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Published: Monday, 4/6/2009

Downturn gives rise to breadwinner wives

SAN JOSE MERCURY NEWS

SAN JOSE, Calif. - Paul and Terry Bacon have a marriage reframed by recession.

He's 48, laid off from Hewlett-Packard after 11 years, suddenly chief cook and bottle washer. She's 53, manager of a medical clinic, working 35 hours a week, suddenly Ms. Breadwinner.

Said Mr. Bacon, "I was making $120,000. We're now relying on my wife's $3,000 a month, and we're barely able to pay our mortgage. My wife's stressed and tired, so I try and have a good dinner waiting when she gets home."

As the recession grinds on, men are being laid off at a far greater clip than women, spawning a historic American emigration out of the cubicle and into the kitchen.

According to government statistics, more than 80 percent of layoff notices handed out since the recession began in December, 2007, have gone to men, thanks to their disproportionate numbers in hard-hit fields such as construction and manufacturing.

In November, women held more than 49 percent of jobs. And because many are with more stable employers such as schools and hospitals, U.S. Bureau of Labor Statistics suggest women soon could outnumber men in the workplace for the first time in the nation's history.

"The whole structure of the American job is changing," said Jill Ater, co-founder of the national part-time job-placement service 10 til 2. "This trend could change the way we look at traditional gender roles. Women represent a supereducated but underutilized work force. Now many of these women are saying, 'He might not be able to get a job. But I can.'•"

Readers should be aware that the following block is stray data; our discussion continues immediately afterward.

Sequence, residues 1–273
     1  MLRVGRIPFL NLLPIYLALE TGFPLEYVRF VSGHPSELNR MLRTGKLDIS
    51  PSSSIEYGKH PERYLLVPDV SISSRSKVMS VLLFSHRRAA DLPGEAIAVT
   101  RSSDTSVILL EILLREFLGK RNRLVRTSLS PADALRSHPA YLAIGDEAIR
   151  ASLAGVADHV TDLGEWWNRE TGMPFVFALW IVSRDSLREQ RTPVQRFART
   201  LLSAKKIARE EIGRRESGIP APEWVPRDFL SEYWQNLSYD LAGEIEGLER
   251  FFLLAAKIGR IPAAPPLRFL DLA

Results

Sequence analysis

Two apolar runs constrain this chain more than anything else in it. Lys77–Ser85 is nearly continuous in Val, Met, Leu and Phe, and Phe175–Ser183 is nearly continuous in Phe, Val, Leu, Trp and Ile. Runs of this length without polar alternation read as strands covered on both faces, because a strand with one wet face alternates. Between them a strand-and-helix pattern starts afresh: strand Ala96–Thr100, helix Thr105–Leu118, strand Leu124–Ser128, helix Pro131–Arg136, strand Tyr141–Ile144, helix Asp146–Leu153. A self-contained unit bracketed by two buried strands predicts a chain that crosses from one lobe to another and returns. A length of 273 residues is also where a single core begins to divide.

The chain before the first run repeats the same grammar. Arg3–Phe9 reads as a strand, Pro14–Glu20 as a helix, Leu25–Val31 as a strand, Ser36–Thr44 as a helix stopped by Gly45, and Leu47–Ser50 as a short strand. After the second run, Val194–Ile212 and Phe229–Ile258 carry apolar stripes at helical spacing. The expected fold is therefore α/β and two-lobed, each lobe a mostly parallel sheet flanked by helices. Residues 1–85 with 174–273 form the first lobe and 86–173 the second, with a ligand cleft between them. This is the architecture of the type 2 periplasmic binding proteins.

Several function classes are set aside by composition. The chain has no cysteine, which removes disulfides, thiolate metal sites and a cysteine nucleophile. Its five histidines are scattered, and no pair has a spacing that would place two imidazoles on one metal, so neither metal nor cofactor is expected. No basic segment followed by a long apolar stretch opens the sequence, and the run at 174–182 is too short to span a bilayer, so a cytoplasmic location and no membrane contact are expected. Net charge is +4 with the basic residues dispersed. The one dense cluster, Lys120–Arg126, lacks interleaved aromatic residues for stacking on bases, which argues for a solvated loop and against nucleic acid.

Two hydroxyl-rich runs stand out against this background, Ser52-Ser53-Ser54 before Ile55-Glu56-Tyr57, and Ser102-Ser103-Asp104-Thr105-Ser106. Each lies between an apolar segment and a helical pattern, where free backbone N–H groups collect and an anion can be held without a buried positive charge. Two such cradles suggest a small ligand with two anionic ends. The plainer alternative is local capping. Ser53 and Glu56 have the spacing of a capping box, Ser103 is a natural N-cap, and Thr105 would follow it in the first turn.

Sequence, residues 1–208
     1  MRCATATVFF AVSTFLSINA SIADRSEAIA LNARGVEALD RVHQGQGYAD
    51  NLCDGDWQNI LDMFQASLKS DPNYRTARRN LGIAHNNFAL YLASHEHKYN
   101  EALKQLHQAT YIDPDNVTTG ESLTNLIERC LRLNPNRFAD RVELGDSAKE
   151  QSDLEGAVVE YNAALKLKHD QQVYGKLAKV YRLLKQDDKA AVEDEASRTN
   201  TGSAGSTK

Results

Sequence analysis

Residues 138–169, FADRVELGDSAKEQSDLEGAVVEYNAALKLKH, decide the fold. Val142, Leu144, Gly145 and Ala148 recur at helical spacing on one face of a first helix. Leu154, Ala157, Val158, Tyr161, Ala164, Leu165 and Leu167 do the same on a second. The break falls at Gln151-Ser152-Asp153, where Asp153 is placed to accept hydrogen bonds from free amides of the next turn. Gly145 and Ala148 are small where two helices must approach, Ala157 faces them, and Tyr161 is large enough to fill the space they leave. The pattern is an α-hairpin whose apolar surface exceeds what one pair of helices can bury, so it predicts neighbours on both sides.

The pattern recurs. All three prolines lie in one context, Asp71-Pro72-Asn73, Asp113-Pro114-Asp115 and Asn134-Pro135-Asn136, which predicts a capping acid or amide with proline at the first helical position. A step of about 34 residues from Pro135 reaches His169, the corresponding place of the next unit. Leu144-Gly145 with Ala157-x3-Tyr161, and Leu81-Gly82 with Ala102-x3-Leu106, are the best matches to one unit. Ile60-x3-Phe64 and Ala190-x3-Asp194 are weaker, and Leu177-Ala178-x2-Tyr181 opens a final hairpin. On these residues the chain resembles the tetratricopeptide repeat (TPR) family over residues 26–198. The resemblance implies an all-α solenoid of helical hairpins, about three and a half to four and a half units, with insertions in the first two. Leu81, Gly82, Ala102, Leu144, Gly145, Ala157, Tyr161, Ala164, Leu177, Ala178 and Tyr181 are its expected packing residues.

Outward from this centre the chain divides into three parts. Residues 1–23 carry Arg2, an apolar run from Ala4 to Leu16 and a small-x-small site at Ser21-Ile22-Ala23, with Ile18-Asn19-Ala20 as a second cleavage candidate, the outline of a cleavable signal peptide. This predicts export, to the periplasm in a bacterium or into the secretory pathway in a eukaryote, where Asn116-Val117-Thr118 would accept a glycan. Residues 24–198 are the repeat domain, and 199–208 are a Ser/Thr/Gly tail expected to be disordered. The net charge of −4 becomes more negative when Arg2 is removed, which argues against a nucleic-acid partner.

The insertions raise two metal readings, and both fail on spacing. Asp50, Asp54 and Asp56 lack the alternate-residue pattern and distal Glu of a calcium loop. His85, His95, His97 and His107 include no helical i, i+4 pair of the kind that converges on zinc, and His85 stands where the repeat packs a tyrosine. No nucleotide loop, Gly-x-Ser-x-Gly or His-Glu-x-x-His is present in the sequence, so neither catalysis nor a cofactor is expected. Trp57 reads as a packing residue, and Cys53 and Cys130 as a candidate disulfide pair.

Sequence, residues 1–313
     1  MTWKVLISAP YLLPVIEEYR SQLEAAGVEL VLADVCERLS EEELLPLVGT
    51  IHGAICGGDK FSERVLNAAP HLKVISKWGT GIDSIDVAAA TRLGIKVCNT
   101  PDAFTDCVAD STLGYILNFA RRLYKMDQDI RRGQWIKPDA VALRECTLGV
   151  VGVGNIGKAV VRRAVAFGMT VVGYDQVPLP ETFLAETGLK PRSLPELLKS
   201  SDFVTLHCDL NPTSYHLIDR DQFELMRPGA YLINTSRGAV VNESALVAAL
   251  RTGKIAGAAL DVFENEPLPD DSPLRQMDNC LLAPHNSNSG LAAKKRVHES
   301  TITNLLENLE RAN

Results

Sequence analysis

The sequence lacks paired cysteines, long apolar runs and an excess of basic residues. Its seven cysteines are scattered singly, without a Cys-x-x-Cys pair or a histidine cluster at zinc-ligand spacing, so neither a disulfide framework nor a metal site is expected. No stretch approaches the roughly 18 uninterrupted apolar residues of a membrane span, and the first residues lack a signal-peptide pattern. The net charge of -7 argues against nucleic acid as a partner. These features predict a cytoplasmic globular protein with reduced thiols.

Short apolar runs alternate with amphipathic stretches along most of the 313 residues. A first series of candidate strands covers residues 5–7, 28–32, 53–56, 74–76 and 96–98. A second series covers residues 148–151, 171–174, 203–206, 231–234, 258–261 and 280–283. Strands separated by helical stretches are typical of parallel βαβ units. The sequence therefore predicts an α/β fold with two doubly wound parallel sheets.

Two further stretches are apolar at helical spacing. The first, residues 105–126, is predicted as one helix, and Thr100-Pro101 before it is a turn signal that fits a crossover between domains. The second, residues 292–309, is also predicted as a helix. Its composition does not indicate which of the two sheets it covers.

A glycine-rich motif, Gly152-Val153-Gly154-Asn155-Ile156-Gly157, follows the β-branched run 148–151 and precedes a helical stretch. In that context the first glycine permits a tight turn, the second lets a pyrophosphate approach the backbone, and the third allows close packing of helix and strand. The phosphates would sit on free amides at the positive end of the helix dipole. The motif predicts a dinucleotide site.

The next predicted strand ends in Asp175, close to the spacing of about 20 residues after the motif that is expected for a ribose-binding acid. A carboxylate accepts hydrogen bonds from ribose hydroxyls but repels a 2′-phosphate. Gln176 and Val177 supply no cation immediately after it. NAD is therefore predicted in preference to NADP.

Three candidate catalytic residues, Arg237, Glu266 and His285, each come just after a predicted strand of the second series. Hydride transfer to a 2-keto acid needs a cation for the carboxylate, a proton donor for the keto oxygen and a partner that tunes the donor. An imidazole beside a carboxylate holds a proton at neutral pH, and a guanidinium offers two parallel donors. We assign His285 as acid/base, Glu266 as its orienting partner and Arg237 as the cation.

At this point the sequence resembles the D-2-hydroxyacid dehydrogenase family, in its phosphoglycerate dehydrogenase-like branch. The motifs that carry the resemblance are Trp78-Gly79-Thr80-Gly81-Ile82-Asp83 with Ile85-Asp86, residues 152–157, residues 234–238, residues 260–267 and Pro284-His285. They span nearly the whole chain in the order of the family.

Mark Mistor, 46, laid off last month as purchasing manager for a Hayward, Calif., tech firm, called his stay-at-home status "a mixed blessing."

"My job took a lot of time out of my life, so my kids have received their daddy back," he said. "I'm helping my son with driver's training, and helping him on the computer getting ready for college, so there's definitely a silver lining to all this."

Heather Boushey, senior economist at the Center for American Progress, says the gender gap in layoffs during tough economic times is not new, but this time it's far more dramatic.

"Men losing more jobs than women has been the case in every recession since the early '80s, which was the first time we saw this massive structural switch away from manufacturing," Ms. Boushey said, pointing out that in December, the unemployment rate was 7.2 percent for men and 5.9 percent for women.

"The losses are much sharper now, and the gap between men and women's unemployment rates has never been as high" in the past quarter-century.

Both in the U.S. Bureau of Labor Statistics and anecdotally in her own life, Ms. Boushey says she is seeing "more and more American families where women are taking on the primary income role. The big question is: Are their husbands' lost jobs ever coming back?"



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